A #DH Syllabus

Post Update: This is the final syllabus for a digital humanities course—Catalog # Hum 340—I taught for the School of Arts & Humanities, Claremont Graduate University, the summers of 2007, 2008, 2009, 2010 as a research tool (in lieu of foreign language) and the spring of 2011 and 2012 as a research tool and/or for credit. This course is no longer offered as the faculty curriculum committee re-evaluates the course. Posts categorized 340 (or tagged 340) are associated in some way with this course.


Any medium powerful enough to extend man’s reach is powerful enough to topple his world. To get the medium’s magic to work for one’s aims rather than against them is to attain literacy.

Digital Humanities is a collaborative approach to scholarship that combines traditional forms of humanistic study with informational technologies. The emergence and adoption of informational technologies into the humanities is more than a means to an end; informational technologies have had and will have a significant and vital role in shaping scholarship within the humanities. In this course, we will explore the core concepts of the digital humanities both theoretically and practically through discussion and “hands–on” experience using informational technologies—e.g., search, citation management, visualization, programming—to increase your ability to find, collect, manage, manipulate, do, and publish your research.

Objectives

Ultimately, I do not expect that you will leave this class as a technically proficient programming digital humanist. I do expect, however, that you will leave this course with a greater understanding of the basic tools and “languages” of a digital humanist and their impact on humanistic study.

Specifically, students will acquire basic familiarity with: the major concepts and trends in the digital humanities; working with files and directories; information trapping via RSS and citation management; programming; and using web publishing programs (see Tasks for more details).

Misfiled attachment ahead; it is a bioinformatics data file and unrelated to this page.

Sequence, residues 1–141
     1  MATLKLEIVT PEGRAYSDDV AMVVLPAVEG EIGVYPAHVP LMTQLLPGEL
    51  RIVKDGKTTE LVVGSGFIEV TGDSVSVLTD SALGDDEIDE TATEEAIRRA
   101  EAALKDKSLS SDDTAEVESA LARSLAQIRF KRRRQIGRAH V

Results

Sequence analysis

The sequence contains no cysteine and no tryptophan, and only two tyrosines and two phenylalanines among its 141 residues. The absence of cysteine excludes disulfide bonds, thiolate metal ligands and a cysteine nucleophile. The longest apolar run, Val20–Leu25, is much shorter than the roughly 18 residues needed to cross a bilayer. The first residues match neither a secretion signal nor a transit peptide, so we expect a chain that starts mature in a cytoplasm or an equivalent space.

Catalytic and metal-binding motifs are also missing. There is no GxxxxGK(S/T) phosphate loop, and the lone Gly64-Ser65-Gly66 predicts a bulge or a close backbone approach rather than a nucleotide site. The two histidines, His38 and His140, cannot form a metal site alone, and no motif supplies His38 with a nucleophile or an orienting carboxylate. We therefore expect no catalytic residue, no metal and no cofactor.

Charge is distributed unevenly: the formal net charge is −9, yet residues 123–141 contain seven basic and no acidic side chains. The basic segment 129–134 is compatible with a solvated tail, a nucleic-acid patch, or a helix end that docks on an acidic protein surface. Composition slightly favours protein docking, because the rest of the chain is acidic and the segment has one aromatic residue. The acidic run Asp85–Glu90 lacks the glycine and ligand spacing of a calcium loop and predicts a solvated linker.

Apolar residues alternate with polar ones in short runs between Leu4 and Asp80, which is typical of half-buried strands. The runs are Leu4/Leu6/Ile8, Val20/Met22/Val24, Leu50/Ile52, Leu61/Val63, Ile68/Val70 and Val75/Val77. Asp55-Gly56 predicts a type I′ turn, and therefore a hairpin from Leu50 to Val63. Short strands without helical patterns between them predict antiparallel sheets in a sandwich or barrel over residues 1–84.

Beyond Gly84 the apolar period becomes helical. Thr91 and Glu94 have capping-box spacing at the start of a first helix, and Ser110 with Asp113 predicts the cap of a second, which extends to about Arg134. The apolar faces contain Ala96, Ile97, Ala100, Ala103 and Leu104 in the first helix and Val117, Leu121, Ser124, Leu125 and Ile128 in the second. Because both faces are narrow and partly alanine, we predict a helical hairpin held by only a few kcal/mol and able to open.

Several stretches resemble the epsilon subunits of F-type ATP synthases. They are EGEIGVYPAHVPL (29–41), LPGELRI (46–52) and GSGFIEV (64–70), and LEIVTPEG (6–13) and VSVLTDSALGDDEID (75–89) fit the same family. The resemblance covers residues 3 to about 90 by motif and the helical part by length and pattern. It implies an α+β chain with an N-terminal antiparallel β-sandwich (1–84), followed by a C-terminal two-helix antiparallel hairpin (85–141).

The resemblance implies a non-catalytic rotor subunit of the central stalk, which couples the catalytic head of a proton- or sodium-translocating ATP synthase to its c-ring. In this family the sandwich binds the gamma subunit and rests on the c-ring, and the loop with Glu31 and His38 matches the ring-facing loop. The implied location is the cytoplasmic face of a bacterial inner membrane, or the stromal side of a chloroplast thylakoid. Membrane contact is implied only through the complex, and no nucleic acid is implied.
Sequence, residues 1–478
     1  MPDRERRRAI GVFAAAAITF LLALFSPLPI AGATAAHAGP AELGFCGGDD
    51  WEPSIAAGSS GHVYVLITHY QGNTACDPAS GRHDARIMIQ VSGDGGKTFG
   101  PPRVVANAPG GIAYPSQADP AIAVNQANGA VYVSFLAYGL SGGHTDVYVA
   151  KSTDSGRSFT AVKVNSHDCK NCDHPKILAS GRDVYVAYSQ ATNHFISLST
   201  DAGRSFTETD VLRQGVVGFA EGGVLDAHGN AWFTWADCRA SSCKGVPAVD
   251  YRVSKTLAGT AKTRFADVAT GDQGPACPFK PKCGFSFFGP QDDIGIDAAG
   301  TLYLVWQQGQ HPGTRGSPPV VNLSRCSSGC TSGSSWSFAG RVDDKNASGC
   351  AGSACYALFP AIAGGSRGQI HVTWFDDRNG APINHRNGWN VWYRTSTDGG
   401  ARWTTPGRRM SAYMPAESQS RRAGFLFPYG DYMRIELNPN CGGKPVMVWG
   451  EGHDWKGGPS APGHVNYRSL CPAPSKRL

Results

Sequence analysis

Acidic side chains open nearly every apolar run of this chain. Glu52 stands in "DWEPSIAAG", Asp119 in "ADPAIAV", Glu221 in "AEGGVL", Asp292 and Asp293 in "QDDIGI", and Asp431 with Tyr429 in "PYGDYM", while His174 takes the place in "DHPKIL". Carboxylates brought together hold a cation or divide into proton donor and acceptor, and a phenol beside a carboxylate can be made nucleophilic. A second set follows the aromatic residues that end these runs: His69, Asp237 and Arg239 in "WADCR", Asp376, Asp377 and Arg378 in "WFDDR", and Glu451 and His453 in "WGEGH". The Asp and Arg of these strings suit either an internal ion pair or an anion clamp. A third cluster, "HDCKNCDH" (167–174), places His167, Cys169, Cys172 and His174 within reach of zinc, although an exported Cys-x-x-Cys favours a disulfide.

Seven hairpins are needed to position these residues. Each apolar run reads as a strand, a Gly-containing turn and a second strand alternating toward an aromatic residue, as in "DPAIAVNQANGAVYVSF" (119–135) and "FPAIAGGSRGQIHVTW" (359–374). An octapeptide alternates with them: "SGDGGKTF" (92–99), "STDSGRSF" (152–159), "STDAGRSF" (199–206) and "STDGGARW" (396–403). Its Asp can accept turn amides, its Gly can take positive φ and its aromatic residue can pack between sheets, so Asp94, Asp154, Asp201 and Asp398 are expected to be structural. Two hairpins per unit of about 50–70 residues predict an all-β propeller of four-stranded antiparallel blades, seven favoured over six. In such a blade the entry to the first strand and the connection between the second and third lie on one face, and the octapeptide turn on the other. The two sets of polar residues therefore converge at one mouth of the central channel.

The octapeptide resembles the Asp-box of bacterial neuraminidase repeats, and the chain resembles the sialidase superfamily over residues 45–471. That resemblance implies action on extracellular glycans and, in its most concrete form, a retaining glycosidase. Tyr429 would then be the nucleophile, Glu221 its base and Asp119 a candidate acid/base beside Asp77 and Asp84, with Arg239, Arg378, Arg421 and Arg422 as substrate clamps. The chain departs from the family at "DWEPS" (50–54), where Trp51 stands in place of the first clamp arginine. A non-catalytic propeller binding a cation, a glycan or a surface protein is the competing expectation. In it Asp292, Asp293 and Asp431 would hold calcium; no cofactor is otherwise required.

Schedule

  • Session 01 (Jan 18): Security, Accounts, Files;
  • Session 02 (Jan 25): Files, Twitter, RSS;
  • Session 03 (Feb 01): Search, Zotero;
  • Session 04 (Feb 08): Zotero (cont.);
  • Session 05 (Feb 15): Zotero Review, DH Projects;
  • Session 06 (Feb 22): DH Projects Proposal, Project Tools;
  • Session 07 (Feb 29): Project Reading and Preliminary Project Proposal Due, Project Tools;
  • Session 08 (Mar 07): Project Tools;
  • Session 09 (Mar 14): Spring Break;
  • Session 09 (Mar 21): Final Project Proposal Due, Project Tools;
  • Session 10 (Mar 28): Project Work;
  • Session 11 (Apr 04): Project Work;
  • Session 12 (Apr 11): Project Work;
  • Session 13 (Apr 18): Project Work;
  • Session 14 (Apr 25): Project Work;
  • Session 15 (May 02): Final Project Due.

Please note: this schedule is subject to change.

Requirements & Policies

Basic Requirements

  • complete all assigned in–class and out–of–class tutorials and exercises;
  • complete the assigned project readings;
  • complete a final project.

Attendance

Attendance is mandatory, please let me know if you are going to miss a session. It is the student’s responsibility to complete any tasks, readings, and/or project work missed during the student’s absence.

Grading

The following rubric will be used in grading the student’s efforts for this class on a pass/fail scale:

  • 1/4: using assigned social media, and overall participation and effort (including attendance) in the course;
  • 1/4: completing assigned tasks;
  • 1/2: final project:
    • 1/3: project proposal;
    • 2/3: final project.

I do not distinguish, when assessing students, between those students taking this course as a research tool and those taking this course for credit. I treat both equally.

Credit

There is often confusion about how this class counts. To avoid confusion, this course may count:

  • as a second research tool—in lieu of a foreign language—for Ph.D. students in all humanities programs and for MA students in the Arts Management program;
  • or as a 4 credit course.

Note: some, but not all, departments allow students to double count this course. Please check with your academic adviser and/or department chair to verify your department’s policy regarding double counting courses.